Hey, you might have all seen this extensive bitch-fest about how Midi-chlorians were indicative of everything wrong with the Star Wars Prequels in one of Rorie's video features. Since it was so long and everything, I figured I should add it to my blog. I apologize in advance... all over again.
Midi-chlorians were pretty symbolic of the main problems with the Prequel Trilogy. Lucas explained things people didn't need or want explained (The Force, Boba Fett, C3PO), and almost all of the explanations and background information he did come up with destroyed a lot of what fans had come to assume and love about his characters: The Emperor didn't look like that because the Dark Side physically corrupted him, he actually just shot himself with lightning; Yoda being a great warrior through his power in the Force wasn't because he had mental mastery over objects that emphasized that size and strength were unimportant, he was actually just really spry and could flip around and shit with a tiny lightsaber (which he arguably did with the Force, but it still ruins the concept); Obi-Wan didn't hide Luke on Tatooine because it was a backwater planet that nobody of any importance really knew or cared about, he did it because that's where Anakin was born (y'know, the guy he was trying to hide Luke from?).
Star Wars was about a galaxy far, far, away. The possibilities for the franchise were limitless, but every choice that George Lucas made in the Prequels made the series seem so small, so coincidental, so... self-centered. It wasn't good enough that Obi-Wan and Anakin were friends under Yoda's tutelage and the Emperor rose to power during the Prequel timeline. That wasn't enough in his eyes to cement the movies as "Star Wars". Instead, he found ways to work around what little we were told about the events prior to the Original Trilogy (like Obi-Wan not recalling owning any droids-despite 3 adventures with those specific droids and having an Astromech of his own on his starfighter). No, instead, we needed to see that Anakin built C3PO, a protocol droid, for his mother, on a planet that in A New Hope it's made apparent that protocol droids are unnecessary. We needed to see that a smuggler Wookie named Chewbacca was actually a respected warrior that specifically protected Yoda during a battle right before his exile. We needed Boba Fett's history to specifically tie into the adventures of Obi-Wan and Anakin Skywalker. It was manipulative and cheap that he was constantly tying classic characters into a storyline that they obviously didn't belong in. Instead of developing his new characters, most of whom were pale imitations of their predecessors, we were forced to sit and wait for the next ham-fisted cameo from a beloved character that destroyed what we liked about them in the first place. I'm amazed he showed enough restraint to not have a little Han Solo save Chewbacca's life in Revenge of the Sith to explain the "life-debt" that Han mentions in the Original Trilogy!
Sometimes, what's left unsaid is what makes a character or a movie as memorable as it is, and the Prequel Trilogy is the perfect example of this. Keyser Soze, The Joker, The Man with No Name: these characters are loved specifically because we can't define them. The mystery is what intrigues us, it allows us to fill in the gaps the way we want them filled in. After twenty years of filling in the gaps ourselves, nothing Lucas could come up with could compete with our own imaginations, and some of his answers directly contradicted what many of us had come to accept as the best possible scenario (oh, Old Ben's ratty robes weren't because he was a pretending to be a desert hermit to avoid Imperial attention? He was dressed in ceremonial Jedi Robes despite the standing order from the Emperor to hunt down and kill all Jedi?). Thanks for nothing, Georgey.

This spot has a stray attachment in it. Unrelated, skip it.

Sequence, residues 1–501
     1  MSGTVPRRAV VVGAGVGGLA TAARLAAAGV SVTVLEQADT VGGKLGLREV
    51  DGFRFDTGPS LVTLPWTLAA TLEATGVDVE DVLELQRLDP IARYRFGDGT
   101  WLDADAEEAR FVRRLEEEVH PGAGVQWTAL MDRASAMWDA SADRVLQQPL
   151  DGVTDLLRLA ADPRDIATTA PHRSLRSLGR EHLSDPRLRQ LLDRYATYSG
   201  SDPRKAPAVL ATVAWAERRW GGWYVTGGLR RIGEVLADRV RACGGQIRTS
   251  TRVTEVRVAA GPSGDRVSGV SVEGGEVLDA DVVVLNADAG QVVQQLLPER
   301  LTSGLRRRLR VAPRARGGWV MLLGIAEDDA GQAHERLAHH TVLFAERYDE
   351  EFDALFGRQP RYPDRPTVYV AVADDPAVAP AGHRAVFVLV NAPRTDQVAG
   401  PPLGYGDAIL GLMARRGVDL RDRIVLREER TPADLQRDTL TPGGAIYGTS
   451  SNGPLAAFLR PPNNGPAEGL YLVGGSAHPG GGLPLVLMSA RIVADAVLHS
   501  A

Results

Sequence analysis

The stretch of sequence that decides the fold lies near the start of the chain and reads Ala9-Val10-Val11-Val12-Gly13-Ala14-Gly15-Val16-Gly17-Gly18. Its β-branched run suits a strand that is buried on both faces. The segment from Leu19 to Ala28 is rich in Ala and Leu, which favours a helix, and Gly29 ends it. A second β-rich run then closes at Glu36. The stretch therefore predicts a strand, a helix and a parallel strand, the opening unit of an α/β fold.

Specifically returning to your main question, though, giving a scientific explanation to something that was previously viewed as mystical ruins the "magic" of that force; it takes away the dreams of every little kid that went to see Star Wars and secretly hoped that someday they could be a Jedi like Luke Skywalker. Sorry kids, if you don't have these little microbes in your blood, it ain't happening. It also needlessly convolutes the fact that the general populace of the Original Trilogy now view The Force (which was well-known and commonplace only 20 years earlier) as a hokey ancient religion full of mumbo-jumbo. Nobody wrote down what happened? All of the science books in the Star Wars universe were destroyed and everyone's memories erased? That's quite the iron grip that the Emperor has on basic and common information throughout an entire galaxy of planets... I always thought that The Force was just like an extra sense, an extra dimension to that universe that could be observed and manipulated by those who were trained in the arts and that with enough work and concentration in these lost methods, anyone could potentially become a master of The Force (though some would be more naturally inclined, like with sports). Instead, it was a bunch of little bugs.
Sorry, nerd rant over.